the strictest antispam laws?

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the strictest antispam laws?

Wesley Peng-7
Hello

I saw a trend that, every ESP has taken hard work on antispam policy.
For example, from my test cases:

1. gmail totally can't be registered from PC, only mobile client (gmail,
outlook etc) can sign up a new username. they require mobile
verification in the process.

2. yahoo totally can't be registered without a mobile verification, and
each telephone number can be used once.

3. yandex is harder to sign up, it requires mobile verification, before
every message sending, they require you to input the auth code.

4. A new registered outlook email require you to input mobile number
once and once.

5. GMX/web.de stops auto-registration, every new registration they
require you to call their service telephone for manual verification.

6. yahoo.co.jp stops web registration, they require mobile verification,
and use a password-less solution for login. the first new messages
sending they require you to input Japanese auth code.

7. others including UKR, rambler, Netease have the silimiar rules.

Does this mean every country has taken the strictest antispam laws for
privacy protection today?

Thanks & Regards.

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Re: the strictest antispam laws?

Olivier Nicole-2
Wesley Peng <[hidden email]> writes:

> Hello
>
> I saw a trend that, every ESP has taken hard work on antispam policy.
> For example, from my test cases:
>
> 1. gmail totally can't be registered from PC, only mobile client (gmail,
> outlook etc) can sign up a new username. they require mobile
> verification in the process.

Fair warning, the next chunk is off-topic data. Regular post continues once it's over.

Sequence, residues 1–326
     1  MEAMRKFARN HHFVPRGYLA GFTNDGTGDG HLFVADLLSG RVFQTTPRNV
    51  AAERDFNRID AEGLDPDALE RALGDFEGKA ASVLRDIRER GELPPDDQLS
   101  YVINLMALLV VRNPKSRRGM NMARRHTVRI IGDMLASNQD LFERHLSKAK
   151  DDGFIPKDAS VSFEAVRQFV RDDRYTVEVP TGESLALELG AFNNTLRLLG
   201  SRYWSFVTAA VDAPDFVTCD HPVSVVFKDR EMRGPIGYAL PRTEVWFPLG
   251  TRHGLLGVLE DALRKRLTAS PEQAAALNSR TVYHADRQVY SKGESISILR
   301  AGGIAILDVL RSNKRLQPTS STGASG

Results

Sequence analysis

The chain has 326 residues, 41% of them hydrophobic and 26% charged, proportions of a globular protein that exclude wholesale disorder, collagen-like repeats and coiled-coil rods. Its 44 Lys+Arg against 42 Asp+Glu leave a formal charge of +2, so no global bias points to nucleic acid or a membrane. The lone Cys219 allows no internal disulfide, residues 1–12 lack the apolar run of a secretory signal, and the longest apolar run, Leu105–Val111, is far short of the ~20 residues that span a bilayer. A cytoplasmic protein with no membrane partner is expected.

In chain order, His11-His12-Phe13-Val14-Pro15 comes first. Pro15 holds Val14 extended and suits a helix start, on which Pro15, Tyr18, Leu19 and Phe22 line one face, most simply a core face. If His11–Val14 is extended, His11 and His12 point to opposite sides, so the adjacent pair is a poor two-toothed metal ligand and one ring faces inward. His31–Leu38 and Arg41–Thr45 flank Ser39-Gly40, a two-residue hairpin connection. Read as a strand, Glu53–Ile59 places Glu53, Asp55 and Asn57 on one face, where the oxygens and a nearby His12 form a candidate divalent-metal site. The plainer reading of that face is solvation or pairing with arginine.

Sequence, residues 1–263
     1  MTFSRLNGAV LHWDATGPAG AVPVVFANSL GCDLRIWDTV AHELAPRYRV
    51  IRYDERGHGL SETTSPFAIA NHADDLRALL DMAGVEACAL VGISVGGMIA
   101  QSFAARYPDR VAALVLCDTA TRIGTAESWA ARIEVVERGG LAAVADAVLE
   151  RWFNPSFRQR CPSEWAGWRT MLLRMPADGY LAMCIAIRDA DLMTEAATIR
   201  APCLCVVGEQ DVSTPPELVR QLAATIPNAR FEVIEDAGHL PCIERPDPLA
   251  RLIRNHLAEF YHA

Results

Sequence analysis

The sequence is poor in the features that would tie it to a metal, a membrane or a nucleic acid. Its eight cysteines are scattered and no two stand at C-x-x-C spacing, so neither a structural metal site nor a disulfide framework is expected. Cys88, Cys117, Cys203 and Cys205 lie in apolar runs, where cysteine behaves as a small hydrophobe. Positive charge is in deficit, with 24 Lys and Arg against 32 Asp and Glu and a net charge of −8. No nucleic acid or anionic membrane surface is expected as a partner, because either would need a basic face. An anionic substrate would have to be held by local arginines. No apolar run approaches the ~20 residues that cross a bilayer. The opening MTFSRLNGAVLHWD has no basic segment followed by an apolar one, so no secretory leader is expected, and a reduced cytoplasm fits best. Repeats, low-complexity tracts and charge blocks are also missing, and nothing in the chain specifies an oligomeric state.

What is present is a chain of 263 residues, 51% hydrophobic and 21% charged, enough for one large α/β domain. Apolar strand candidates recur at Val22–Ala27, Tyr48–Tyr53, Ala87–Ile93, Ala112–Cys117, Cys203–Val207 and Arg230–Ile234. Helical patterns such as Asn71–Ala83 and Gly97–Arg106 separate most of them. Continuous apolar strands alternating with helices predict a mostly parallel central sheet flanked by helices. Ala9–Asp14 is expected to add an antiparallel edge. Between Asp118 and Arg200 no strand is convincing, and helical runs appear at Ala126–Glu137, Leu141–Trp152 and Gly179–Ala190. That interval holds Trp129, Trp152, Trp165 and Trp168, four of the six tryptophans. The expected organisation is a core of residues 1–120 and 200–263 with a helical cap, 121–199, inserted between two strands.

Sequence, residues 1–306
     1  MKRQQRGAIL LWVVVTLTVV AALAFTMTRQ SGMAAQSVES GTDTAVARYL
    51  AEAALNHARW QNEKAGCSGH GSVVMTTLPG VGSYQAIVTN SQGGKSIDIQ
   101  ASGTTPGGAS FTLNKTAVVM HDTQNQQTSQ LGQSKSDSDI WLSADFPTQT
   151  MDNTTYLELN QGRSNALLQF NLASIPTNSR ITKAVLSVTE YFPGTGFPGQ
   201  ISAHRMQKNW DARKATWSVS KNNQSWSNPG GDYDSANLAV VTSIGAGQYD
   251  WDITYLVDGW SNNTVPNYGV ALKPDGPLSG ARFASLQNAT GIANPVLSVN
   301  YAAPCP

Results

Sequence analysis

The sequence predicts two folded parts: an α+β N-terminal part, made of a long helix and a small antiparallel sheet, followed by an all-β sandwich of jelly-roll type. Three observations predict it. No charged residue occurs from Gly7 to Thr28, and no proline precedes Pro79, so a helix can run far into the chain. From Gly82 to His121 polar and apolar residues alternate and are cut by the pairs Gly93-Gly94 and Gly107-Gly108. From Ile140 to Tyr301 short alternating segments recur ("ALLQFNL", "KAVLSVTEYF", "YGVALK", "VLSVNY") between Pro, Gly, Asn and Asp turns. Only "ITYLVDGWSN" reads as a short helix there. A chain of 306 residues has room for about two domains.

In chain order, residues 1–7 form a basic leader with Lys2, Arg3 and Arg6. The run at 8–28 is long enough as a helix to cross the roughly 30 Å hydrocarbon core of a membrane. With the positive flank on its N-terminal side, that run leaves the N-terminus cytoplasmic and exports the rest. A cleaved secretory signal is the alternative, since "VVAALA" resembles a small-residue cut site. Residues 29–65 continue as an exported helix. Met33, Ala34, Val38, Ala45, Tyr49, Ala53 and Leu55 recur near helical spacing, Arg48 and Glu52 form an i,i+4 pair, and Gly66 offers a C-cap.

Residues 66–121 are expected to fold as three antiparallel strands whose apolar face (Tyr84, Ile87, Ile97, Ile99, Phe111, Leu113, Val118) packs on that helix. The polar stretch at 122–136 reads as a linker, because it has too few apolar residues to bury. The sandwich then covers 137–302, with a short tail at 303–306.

>
> 2. yahoo totally can't be registered without a mobile verification, and
> each telephone number can be used once.
>
> 3. yandex is harder to sign up, it requires mobile verification, before
> every message sending, they require you to input the auth code.
>
> 4. A new registered outlook email require you to input mobile number
> once and once.
>
> 5. GMX/web.de stops auto-registration, every new registration they
> require you to call their service telephone for manual verification.
>
> 6. yahoo.co.jp stops web registration, they require mobile verification,
> and use a password-less solution for login. the first new messages
> sending they require you to input Japanese auth code.
>
> 7. others including UKR, rambler, Netease have the silimiar rules.
>
> Does this mean every country has taken the strictest antispam laws for
> privacy protection today?

Spammers very seldom use gmail, yahoo or the like to send their
spam. They register their own domain, the have their own mail server.

I think that the request to attach a mail account to a phone number is
rather:
1) COLLECT THE MAXIMUM OF DATA possible about users
...
98) increase the security for the users
99) prevent the creation of temporary, one time, disposable mailbox

Best regards,

Olivier

>
> Thanks & Regards.
>
>

--
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Re: the strictest antispam laws?

Robert Schetterer-2
In reply to this post by Wesley Peng-7
Am 21.11.2019 um 09:01 schrieb Wesley Peng:

> Hello
>
> I saw a trend that, every ESP has taken hard work on antispam policy.
> For example, from my test cases:
>
> 1. gmail totally can't be registered from PC, only mobile client (gmail,
> outlook etc) can sign up a new username. they require mobile